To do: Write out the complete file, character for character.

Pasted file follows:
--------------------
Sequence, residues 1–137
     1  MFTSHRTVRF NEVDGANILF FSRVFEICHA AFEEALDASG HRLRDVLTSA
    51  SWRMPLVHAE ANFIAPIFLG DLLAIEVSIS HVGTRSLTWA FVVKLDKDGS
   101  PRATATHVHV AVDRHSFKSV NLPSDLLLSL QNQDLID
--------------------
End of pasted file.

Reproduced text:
Sequence, residues 1–137
     1  MFTSHRTVRF NEVDGANILF FSRVFEICHA AFEEALDASG HRLRDVLTSA
    51  SWRMPLVHAE ANFIAPIFLG DLLAIEVSIS HVGTRSLTWA FVVKLDKDGS
   101  PRATATHVHV AVDRHSFKSV NLPSDLLLSL QNQDLID